What Is Your Balance In Your Emotional Bank Account? Sounds like an odd question but if you think about it for a minute, what a great metaphor.
Stephen Covey, author of The 7 Habits of Highly Effective People, uses the metaphor of an ‘Emotional Bank Account’ to measure the amount of trust that accumulates in a relationship.1 We all make deposits and withdrawals to this “account” on an ongoing basis. Deposits get added when you do things that are trustworthy or demonstrate care. Withdraws occur when we act in a manner that has people less willing to risk psychological safety by doing things such as being disrespectful, dismissive or dishonest. When your account has a positive balance with another person, they tend to give you the benefit of the doubt. On the other hand, when the account balance is low, trust will also be low, and people will be skeptical of our words and question our intent as they look for the hidden meaning or an ulterior motive. Creating and maintaining strong relationships requires consistently making deposits into your account. Some people will require more deposits to build up the balance than others to create a high level of trust.
Trust doesn’t come with a title or by simply asking for it; it must be earned and built up over a period of time.
Covey writes about the six major ways of making deposits into the emotional bank accounts (and how to avoid making withdrawals):
Understanding the individual: Discover what is meaningful to the other person and make that of genuine importance in your interactions with him or her. It could be a particular interest they have, assigning a challenging assignment, dealing with an obstacle or any number of things important to that person.
Attending to the little things: Little things add up to mean a lot. Taking care of the details and putting forth an extra effort will gain trust. Being polite, personable and caring are example of things that can make a difference. Take the extra time to pay attention to the little things that matter to others and it can go a long way in creating a large balance in your account.
Keeping commitments: Our ability to keep commitments will directly impact that person’s confidence in our ability to get things done and their trust in our word. If we don’t keep commitments, our team and the people we work with will not be able to rely on us and will develop workarounds.
Clarifying expectations: A difference in interpretation between two people will hinder their ability to trust one another. Without clear expectations, both parties will believe that their view is correct, and that the other person’s is not, thus forcing a withdrawal to their emotional bank account.
Showing personal integrity: Integrity goes beyond just being honest; it is adherence to an ethical standard. Admit when you fall short of the standards you’ve set and learn from those mistakes. Treat everyone with dignity regardless of their title or what they can do for you.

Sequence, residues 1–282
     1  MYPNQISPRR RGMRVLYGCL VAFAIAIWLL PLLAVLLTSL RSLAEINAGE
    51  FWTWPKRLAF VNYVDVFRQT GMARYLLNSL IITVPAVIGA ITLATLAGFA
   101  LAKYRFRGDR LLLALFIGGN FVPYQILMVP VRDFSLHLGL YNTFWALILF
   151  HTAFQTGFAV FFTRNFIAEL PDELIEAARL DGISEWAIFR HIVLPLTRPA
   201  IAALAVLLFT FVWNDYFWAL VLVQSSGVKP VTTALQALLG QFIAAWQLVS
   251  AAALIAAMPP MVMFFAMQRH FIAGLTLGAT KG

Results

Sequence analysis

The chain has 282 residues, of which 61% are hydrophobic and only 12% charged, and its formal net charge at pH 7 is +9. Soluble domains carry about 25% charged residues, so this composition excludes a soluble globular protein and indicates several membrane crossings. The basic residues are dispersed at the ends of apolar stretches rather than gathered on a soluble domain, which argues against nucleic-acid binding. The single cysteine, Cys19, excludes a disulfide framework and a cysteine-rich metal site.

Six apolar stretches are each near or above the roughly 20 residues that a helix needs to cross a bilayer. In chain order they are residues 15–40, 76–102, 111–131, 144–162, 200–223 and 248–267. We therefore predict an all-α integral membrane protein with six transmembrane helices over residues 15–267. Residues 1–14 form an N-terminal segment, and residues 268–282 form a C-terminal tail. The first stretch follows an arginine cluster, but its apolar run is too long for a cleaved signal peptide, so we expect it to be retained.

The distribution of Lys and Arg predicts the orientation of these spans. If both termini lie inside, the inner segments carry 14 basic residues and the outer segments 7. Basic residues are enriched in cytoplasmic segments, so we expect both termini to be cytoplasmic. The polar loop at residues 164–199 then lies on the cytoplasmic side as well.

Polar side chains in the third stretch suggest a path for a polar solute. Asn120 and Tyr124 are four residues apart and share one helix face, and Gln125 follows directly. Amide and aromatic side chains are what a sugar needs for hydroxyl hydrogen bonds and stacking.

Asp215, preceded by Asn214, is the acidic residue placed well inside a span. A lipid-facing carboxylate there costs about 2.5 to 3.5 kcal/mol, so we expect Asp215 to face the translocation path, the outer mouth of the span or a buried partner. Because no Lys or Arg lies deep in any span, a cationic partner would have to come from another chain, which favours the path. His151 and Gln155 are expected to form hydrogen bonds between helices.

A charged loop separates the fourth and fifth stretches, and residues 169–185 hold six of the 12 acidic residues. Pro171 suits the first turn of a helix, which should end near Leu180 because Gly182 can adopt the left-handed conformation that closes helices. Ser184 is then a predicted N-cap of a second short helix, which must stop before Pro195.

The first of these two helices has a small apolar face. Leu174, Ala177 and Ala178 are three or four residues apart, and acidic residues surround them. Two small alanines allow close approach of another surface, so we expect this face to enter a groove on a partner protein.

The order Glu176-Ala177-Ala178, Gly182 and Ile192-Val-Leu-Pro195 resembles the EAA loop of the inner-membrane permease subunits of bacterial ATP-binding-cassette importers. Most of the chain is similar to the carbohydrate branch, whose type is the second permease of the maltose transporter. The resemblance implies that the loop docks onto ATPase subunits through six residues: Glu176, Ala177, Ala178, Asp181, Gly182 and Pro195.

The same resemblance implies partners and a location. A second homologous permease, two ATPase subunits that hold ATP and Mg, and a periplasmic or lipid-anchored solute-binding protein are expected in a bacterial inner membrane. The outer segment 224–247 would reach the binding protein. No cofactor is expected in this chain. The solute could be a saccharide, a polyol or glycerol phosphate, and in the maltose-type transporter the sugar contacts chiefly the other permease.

Apologizing sincerely when you make a withdrawal: Admit when you are wrong. Be sincere and don’t surround your apology with excuses or by bringing down others at the same time.
I agree with all six of Covey’s major ways to make a deposit or to avoid withdrawals, but would add a couple more which are equally if not even more important:
Being transparent (no hidden agenda): Having an ulterior motive or being deceptive will cause a huge withdrawal. It creates distrust in all future interactions and causes people to always wonder what the real agenda is.
Staying true to yourself: A deposit is made when you stand your ground on a principle-based issue. The same is true when you back someone up even when it means personal risk. The willingness to stand up for something in the face of controversy and other demonstrations of character have a lasting positive affect.
Keeping a large balance in our account is difficult as deposits are usually made bit by bit, while withdrawals tend to be made in big chunks. Focusing on keeping a high balance in our emotional bank account will not only help drive the positive momentum on our lives, but it will also help minimize the impact for the times we fall short. Our family, friends, and other people that we deal with, will be more eager to invest of themselves when our balance is high.
While a lot of this is written based on your work life relationships, these principles can be used in our day to day relationships as well. By purposely adding to our Emotional Bank Account we can build relationships on trust and understanding.
1Covey, Stephen (2014): “The 7 Habits of Highly Effective People”, New York: Simon and Schuster, 1989